KHN Morning Briefing

Summaries of health policy coverage from major news organizations.

Fla.’s Jackson Health System Struggles With Nursing Home And Hospital Losses; Advocates Push Marijuana Cultivation In Calif.

The Miami Herald: As the Jackson Health System's "governing board prepares to vote Monday on a proposed budget for 2011, its two money-losing nursing homes stand as a symbol for the challenges the system faces as it attempts to cut losses. Almost 100 of the 289 nursing home patients in the Jackson Health System are uninsured. Half of those are undocumented immigrants under age 50. Many are quadriplegic, on ventilators -- hugely expensive patients who can cost up to three times as much as regular nursing home residents. Despite these and other challenges, Jackson must present a balanced budget to the Miami-Dade County Commission" (Dorschner, 8/23).

Politico: "The nerve center for this year's highly publicized movement [in California] to legalize marijuana is in a neighborhood known as Oaksterdam. … A group of 20-somethings, many of them on summer break, spend their days calling voters around the state to explain the virtues of ending the 73-year marijuana prohibition from cannabis campaign headquarters. … Proposition 19 ... would allow anyone older than 21 to cultivate a small amount of marijuana for personal use. Cities would be able to regulate and tax sales. California is the first state to make such a bold push for decriminalizing the leafy drug, and it's a test case closely watched by states - including New York and Colorado - that also are eyeing more lenient stances on marijuana, in part to bring much-needed tax revenue to ease crushing deficits" (Hart, 8/21).

The Associated Press/MSN Money: "Legislation [in New York] that would require health insurers to cover screening, diagnosis and lifetime treatment of autism spectrum disorders has reached Gov. David Paterson's desk, but it falls short with some advocacy groups. The bill, approved unanimously by the Senate and Assembly, would require the state Department of Health to identify treatment and therapy options that are evidence-based, peer-reviewed and clinically proven. Regulations specifying what will be covered would have to be drafted within a year, in consultation with insurance companies and mental health and disabilities experts. Insurers could review individual coverage to confirm it's medically necessary" (Virtanen, 8/22).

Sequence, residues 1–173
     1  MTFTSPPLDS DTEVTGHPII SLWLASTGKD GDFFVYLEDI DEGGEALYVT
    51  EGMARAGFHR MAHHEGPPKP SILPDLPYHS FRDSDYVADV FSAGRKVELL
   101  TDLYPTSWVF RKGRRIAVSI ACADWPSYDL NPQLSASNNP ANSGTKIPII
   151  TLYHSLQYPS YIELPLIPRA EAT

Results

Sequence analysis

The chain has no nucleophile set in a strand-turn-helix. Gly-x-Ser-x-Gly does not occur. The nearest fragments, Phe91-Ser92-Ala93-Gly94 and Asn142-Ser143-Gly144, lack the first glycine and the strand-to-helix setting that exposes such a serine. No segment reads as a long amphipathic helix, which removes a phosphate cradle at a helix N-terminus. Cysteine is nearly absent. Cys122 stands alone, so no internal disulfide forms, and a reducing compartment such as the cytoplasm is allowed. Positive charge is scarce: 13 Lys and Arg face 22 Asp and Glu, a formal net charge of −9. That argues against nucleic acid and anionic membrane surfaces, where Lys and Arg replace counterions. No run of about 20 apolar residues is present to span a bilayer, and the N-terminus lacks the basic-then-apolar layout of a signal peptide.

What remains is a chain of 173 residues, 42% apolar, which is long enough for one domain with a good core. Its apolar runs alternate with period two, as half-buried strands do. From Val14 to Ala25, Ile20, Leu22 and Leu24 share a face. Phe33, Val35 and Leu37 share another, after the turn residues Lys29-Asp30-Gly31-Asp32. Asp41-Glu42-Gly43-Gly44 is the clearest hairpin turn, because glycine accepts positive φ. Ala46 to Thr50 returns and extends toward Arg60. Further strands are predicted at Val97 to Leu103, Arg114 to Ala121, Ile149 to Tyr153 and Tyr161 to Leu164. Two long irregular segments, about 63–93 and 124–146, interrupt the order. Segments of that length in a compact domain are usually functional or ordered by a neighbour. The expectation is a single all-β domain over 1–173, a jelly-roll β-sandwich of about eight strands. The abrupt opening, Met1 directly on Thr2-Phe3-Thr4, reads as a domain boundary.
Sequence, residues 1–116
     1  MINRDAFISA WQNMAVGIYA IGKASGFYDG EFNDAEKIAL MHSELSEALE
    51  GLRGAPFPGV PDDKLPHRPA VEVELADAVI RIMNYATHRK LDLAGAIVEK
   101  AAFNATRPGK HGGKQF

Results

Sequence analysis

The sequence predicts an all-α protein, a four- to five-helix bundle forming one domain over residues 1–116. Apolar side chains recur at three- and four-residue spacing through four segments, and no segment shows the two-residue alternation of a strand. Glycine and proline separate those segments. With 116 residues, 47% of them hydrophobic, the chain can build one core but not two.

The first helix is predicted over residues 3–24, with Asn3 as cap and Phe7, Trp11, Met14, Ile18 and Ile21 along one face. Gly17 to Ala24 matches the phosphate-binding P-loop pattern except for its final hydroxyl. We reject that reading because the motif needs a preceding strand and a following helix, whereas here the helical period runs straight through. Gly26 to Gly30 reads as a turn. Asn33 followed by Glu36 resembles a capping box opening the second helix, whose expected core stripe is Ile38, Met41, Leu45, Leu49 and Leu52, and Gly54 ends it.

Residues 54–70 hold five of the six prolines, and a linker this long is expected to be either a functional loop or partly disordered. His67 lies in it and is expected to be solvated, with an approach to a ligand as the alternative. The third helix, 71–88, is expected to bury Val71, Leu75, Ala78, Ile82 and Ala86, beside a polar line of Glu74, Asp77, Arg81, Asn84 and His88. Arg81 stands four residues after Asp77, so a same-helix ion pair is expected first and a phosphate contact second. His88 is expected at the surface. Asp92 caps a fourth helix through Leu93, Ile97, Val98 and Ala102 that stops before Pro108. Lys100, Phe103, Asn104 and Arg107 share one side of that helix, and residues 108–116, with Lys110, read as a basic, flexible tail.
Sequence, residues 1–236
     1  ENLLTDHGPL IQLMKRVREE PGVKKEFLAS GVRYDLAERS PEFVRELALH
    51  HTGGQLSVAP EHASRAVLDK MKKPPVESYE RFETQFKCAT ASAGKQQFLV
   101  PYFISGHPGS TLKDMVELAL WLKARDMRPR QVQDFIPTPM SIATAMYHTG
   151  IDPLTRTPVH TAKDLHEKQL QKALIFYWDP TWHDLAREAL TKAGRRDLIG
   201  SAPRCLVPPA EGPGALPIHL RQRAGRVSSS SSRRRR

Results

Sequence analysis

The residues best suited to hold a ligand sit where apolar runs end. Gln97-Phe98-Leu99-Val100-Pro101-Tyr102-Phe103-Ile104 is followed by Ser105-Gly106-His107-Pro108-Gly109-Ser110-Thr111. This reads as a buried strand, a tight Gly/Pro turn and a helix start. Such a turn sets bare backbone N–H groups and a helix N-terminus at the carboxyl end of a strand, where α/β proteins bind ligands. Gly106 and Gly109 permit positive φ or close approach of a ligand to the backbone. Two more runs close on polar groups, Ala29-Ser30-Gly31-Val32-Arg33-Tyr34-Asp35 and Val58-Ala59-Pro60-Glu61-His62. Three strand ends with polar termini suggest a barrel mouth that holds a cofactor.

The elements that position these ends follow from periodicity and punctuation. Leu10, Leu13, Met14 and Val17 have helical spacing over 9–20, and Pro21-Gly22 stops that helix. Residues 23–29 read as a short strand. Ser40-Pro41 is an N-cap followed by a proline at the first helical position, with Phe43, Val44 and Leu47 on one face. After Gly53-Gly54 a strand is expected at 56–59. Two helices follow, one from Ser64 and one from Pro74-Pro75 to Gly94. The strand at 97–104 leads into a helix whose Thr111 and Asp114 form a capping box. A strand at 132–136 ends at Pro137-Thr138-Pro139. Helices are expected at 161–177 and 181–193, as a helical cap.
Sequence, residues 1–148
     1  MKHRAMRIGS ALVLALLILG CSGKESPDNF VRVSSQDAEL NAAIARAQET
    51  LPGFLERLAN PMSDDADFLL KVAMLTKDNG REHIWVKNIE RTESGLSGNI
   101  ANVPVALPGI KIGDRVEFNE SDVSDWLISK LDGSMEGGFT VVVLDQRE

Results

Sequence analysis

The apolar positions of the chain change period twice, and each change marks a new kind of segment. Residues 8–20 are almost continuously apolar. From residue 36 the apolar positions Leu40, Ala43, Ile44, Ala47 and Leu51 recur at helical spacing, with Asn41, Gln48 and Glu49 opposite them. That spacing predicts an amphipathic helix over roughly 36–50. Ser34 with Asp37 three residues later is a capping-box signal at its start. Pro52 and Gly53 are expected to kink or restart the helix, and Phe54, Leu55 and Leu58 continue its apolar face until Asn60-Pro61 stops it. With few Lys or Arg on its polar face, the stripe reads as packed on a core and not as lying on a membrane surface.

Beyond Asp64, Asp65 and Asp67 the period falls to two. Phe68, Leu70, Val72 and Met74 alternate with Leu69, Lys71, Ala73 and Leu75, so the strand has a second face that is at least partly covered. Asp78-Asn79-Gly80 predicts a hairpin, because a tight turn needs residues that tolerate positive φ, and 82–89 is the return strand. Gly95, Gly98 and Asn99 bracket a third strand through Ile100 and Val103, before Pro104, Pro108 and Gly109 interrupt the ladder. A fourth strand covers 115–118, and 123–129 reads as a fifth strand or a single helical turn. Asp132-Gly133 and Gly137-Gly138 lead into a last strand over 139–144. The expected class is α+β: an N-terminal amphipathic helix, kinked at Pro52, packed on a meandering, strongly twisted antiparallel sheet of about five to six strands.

Insurance Journal: "A new regulation that makes it harder for health insurance companies to drop individual policyholders in California is being challenged in court by an industry trade group. The California Department of Insurance's new regulations require insurers to investigate the medical histories of those seeking individual policies before accepting any premiums. About 1.1 million individual health policies are regulated by the department. The Association of California Life and Health Insurance Companies sued to stop the rules on Monday, accusing the state of acting 'in excess of its jurisdiction and authority' by creating regulation that conflicts with the state's insurance code" (Mohajer, 8/23).

The Associated Press/(N.J.) Star-Ledger: "Just two people in New Jersey will begin receiving coverage today under new plans created by federal health care reforms. NJ Protect plans are available to those who have been without insurance for at least six months and submit evidence of pre-existing health conditions. The state will receive $141 million in federal subsidies to cover claims that exceed the premiums paid by the beneficiaries" (8/23).

Albany (N.Y.) Times Union: "A growing insolvency crisis in workers' compensation insurance, born from years of lax oversight by state regulators, is threatening to leave thousands of small businesses owing $600 million or more to New York insurance pools they trusted to pay claims from workplace death and injury. Already, the little-publicized crisis has forced otherwise stable companies to lay off workers and curtail hiring plans during a critical point in the state's economic recovery. And at some point, taxpayers could be forced to pick up the tab for whatever can't be recovered through lawsuits or other means" (Anderson, 8/23). This is part of the KHN Morning Briefing, a summary of health policy coverage from major news organizations. Sign up for an email subscription.